A million flee in the US as Dennis kills dozens in rampage through Caribbean
Sunday 10 July 2005
The strongest storm ever recorded this early in the Atlantic storm season, Dennis later weakened to a category 2 (the highest category is 5) but was expected to gain strength as the ferocious system neared the US coast.
Where it will strike is uncertain. But by yesterday, half a million people in coastal Alabama and tens of thousands more in the Florida Keys and low-lying areas of the Florida Gulf Coast were told to evacuate.
Normally busy shops in Key West were boarded up with plywood, and one liquor store had a sign that read: "Dennis Don't Be a Menace."
Many in Dennis's strike zone were aware that it was following almost the same path as Ivan, which came ashore at the Florida-Alabama state line, causing 29 deaths and damage put at $4bn (£2.3bn) in the Panhandle alone.
Cuba was hit hard by Dennis. Huge waves swept away coastal homes as the centre of storm made landfall on the central southern coast early Friday afternoon. Civil defence officials said that more than 1.5 million people left their homes to take shelter with family or friends or in government refuges. Dozens of humble wooden homes in sparsely populated rural areas were flattened into mounds of kindling. Corrugated metal roofs had been ripped off and twisted by the roaring winds, before being scattered across the countryside.
As the storm passed east of Havana, waves up to 10 feet high crashed over the city's seawall. Fierce gusts of wind tore huge chunks of concrete off dilapidated colonial buildings and shattered glass globes from antique street lamps in the old part of the city. The electricity was shut off before the storm reached the city of 2 million to prevent injury from fallen power lines. Huge waves flooded, and in some cases swept away, coastal homes. Fallen trees and utility poles littered roads.
An 18-day old baby was among the 22 reported to have died in the storm, which President Fidel Castro described on state television as a "diabolical force".
In Granma Province, 15,400 of the 20,000 homes in one area were destroyed or damaged, with television pictures showing rows of clapperboard houses flattened by the storm. Strong winds and surf also buffeted Guantanamo Bay on the island's eastern end, where a guard tower was washed into the sea. There were no reports of casualties.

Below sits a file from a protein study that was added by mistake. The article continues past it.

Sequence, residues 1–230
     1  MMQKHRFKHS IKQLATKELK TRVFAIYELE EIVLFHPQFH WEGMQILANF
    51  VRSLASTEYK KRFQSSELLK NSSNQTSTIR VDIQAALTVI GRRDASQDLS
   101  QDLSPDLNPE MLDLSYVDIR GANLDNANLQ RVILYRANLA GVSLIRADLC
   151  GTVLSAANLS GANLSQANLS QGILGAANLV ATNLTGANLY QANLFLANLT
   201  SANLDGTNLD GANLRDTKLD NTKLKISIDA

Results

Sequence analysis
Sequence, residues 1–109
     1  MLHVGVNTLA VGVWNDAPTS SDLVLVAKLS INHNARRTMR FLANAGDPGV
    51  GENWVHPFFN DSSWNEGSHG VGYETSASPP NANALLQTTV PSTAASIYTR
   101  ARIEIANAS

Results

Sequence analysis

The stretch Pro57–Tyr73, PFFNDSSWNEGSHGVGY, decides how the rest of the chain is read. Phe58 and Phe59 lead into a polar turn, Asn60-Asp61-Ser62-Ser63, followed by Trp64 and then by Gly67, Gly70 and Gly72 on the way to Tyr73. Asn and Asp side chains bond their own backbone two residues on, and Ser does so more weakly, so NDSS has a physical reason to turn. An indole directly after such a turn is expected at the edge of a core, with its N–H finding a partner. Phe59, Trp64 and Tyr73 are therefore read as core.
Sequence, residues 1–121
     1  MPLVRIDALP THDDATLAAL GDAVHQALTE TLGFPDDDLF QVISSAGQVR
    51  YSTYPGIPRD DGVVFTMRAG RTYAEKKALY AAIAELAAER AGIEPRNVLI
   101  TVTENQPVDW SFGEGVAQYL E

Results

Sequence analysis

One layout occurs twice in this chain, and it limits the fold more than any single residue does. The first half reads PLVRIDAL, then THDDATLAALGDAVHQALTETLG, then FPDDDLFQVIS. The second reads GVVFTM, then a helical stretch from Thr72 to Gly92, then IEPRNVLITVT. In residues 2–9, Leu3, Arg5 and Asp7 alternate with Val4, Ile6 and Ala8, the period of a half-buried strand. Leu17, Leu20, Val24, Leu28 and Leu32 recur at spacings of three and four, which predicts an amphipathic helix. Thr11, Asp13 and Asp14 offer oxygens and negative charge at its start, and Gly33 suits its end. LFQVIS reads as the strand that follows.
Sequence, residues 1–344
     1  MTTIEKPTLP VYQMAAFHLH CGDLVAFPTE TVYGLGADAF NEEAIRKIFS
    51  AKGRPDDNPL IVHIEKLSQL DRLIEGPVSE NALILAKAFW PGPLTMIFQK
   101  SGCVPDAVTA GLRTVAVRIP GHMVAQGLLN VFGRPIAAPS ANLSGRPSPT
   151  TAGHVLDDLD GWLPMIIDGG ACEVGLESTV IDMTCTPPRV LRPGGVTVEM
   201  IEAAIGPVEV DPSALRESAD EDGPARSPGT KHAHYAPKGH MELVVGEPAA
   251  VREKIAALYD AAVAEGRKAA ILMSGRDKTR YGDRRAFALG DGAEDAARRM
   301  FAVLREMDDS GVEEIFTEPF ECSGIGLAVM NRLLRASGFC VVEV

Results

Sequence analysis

Hours before reaching Cuba, Dennis had struck Haiti and killed 15 people as it brought down bridges, triggered landslides, inundated homes and blocked roads with downed power lines and trees. Young Haitian men were charging $2 to carry travellers and their possessions across the Grand Goave River, which overflowed and destroyed a 300ft bridge, cutting off Haiti's southwestern peninsula. Haiti's Chief of Cabinet, Michel Brunache, said on Friday that five people died on the collapsed bridge, and others were reported missing. At least four people died in the southern town of Jacmel, and another person was killed by a falling tree.
In Jamaica, a rescue helicopter was to airlift food and emergency supplies to hundreds of stranded islanders in at least seven eastern towns cut off by knee-deep floodwaters, said Nadene Newsome, spokeswoman for the country's emergency management office.
"Flooding has affected every parish of the island and it will increase as long as the rain continues," she said.
Forecasters predict the storm, will hit the US anywhere from Florida to Louisiana by today or Monday, the fourth storm in as many weeks to disrupt oil production - one of the factors that drove US crude prices to a record of just under $62 a barrel earlier this week.
The lower Florida Keys, including Key West, were on hurricane warning, while the southern part of the state were on tropical storm warning. A hurricane watch was also issued for parts of the northeastern Gulf Coast.
It's the first time the Atlantic hurricane season had four named storms this early since record-keeping began in 1851. The season runs from 1 June to 30 November. Last year, hurricanes Charley, Frances, Ivan and Jeanne tore through the Caribbean with a collective ferocity not seen in years, causing hundreds of deaths and damage running into billions of dollars.
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